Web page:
Japanese probing chemical weapons
A team of Japanese experts Monday started an investigation into the Japanese-abandoned chemical weapons that injured two school boys in Northeast China -- but not without a tough welcome.
The seven-member team, led by officials from Japan's special office for abandoned chemical weapon disposal, arrived at Lianhuapao Village in Dunhua, Jilin Province only to be greeted by a crowd of area residents, witnesses said.
For a brief period, the angry Chinese blocked the cars of the Japanese officials, calling out for redress for the injured boys, and stating public anger over dissatisfaction with previous investigations into chemical incidents in the community.
After about a 30-minute standoff, Chinese officials persuaded the crowd to disband, and the Japanese investigators began their work, witnesses said.
Results, so far, have not been revealed to the public.
However, Chinese experts have confirmed the chemical weapons contained mustard gas discarded by Japanese troops in 1945.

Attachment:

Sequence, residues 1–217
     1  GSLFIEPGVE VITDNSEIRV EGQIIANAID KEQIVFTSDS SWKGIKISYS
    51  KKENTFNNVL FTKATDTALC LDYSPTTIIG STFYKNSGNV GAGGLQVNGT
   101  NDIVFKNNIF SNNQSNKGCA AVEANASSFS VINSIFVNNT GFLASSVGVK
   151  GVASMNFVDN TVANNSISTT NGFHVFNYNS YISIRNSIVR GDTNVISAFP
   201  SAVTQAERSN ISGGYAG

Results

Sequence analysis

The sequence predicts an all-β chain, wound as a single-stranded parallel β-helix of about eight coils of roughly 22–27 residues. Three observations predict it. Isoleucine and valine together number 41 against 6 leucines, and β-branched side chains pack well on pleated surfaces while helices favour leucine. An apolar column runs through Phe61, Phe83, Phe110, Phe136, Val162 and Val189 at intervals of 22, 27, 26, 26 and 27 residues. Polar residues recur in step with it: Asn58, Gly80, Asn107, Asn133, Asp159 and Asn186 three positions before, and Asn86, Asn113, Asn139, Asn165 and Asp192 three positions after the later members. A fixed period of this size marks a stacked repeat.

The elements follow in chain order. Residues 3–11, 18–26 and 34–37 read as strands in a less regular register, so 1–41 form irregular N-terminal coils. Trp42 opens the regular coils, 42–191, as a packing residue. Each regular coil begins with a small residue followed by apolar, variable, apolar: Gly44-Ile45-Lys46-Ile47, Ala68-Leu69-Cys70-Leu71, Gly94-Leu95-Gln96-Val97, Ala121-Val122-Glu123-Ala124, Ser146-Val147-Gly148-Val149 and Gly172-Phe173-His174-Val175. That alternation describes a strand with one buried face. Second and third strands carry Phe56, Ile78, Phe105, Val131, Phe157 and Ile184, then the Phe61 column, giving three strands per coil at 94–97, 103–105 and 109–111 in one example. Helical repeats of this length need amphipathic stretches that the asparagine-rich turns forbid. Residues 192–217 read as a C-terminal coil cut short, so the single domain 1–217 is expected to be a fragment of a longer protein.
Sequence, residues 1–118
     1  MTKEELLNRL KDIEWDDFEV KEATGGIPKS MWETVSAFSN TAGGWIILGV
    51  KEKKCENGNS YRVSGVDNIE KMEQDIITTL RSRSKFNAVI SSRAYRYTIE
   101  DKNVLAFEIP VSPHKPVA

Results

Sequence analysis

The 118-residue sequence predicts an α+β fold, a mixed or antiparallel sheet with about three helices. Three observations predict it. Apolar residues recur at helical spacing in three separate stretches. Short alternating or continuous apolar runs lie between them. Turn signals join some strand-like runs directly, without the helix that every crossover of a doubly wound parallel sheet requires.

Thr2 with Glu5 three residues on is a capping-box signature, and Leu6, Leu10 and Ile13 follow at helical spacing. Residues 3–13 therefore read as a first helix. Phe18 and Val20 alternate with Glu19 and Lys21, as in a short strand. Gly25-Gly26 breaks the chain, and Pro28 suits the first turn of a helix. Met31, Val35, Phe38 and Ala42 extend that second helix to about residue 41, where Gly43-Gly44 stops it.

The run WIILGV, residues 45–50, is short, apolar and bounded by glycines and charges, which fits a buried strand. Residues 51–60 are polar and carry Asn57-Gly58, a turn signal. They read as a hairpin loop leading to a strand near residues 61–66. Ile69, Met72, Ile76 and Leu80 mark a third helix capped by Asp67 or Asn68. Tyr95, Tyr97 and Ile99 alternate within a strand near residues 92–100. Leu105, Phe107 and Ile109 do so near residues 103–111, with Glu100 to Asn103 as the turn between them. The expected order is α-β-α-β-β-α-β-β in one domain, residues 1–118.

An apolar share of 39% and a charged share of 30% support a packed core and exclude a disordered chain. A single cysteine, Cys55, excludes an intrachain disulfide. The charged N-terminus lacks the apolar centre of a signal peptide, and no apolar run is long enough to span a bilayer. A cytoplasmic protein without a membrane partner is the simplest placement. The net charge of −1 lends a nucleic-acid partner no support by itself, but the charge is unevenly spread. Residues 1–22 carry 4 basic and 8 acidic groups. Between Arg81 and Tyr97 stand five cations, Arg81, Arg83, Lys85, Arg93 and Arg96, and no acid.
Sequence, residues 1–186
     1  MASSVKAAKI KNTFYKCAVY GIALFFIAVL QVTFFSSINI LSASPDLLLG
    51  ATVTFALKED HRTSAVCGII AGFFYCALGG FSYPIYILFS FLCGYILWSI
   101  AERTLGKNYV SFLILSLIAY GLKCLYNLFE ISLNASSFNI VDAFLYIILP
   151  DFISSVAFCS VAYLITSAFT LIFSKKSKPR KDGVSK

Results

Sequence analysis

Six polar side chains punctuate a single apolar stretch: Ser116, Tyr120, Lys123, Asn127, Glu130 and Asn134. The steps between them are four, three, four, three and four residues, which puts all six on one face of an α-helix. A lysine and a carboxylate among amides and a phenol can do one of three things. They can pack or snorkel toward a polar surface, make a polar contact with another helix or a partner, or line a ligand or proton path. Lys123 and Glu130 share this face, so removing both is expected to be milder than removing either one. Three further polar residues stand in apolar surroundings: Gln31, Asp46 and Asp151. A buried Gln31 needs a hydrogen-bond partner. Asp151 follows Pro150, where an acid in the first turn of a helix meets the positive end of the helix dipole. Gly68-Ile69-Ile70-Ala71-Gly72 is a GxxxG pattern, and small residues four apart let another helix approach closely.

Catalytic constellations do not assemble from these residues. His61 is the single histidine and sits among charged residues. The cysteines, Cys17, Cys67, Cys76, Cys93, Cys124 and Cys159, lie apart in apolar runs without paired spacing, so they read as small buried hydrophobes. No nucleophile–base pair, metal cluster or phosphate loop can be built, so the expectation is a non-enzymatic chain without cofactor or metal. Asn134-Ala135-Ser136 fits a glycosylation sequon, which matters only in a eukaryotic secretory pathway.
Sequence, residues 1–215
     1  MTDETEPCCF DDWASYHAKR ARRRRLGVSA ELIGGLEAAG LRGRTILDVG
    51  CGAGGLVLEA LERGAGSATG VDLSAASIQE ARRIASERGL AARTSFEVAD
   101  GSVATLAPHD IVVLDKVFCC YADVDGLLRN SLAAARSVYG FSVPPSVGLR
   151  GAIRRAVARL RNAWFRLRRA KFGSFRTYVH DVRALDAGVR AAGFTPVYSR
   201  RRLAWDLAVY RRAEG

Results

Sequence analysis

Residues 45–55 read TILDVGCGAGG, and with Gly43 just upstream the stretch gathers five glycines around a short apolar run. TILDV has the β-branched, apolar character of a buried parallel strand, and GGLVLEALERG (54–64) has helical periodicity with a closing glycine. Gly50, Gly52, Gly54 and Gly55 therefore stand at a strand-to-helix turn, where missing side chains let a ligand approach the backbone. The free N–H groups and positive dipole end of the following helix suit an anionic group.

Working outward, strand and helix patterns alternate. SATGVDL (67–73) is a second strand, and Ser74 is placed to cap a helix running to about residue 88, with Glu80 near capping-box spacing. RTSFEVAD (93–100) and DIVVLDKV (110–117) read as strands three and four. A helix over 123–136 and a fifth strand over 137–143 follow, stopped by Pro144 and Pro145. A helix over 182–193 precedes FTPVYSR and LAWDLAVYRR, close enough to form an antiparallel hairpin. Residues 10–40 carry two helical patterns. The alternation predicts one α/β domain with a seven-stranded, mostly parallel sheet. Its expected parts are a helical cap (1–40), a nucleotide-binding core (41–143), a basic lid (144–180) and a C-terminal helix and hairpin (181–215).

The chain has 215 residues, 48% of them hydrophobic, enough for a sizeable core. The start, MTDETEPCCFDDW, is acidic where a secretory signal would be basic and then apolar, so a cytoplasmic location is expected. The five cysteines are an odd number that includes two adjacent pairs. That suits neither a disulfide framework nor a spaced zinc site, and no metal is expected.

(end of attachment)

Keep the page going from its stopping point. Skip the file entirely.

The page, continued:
Once the weapons were identified as chemical bombs, Japanese officials were notified.
Zhou Tong and Liu Hao, the two boys hurt by the chemical weapons, have undergone operations in Dunhua Hospital.
Officials say the boys uncovered the 50-centimetre-long barrel full of chemicals on July 24 when the two and some other children were playing near a river close to their village.
Out of curiosity, one of the boys pried open the rusted weapon and the liquid flowing out of the barrel splashed onto their fingers and legs.
Sources from the Tonghua Hospital said the Japanese officials and experts did not visit the two victims Monday.
Parents of the victims have filed compensation demands in writing to the Japanese Government through local government, according to Xiangbao Newspaper.
Since the two boys were injured, 30 more chemical weapons have been uncovered in the village.
Some 670,000 chemical weapons were dumped in Dunhua, the area in China with the most abandoned Japanese chemical weapons, according to a report in the Shanghai-based Oriental Outlook.
Experts say the potential hazard of Japanese-left chemical weapons still remain since many farmers are not aware of the serious damage the potentially lethal weapons may cause.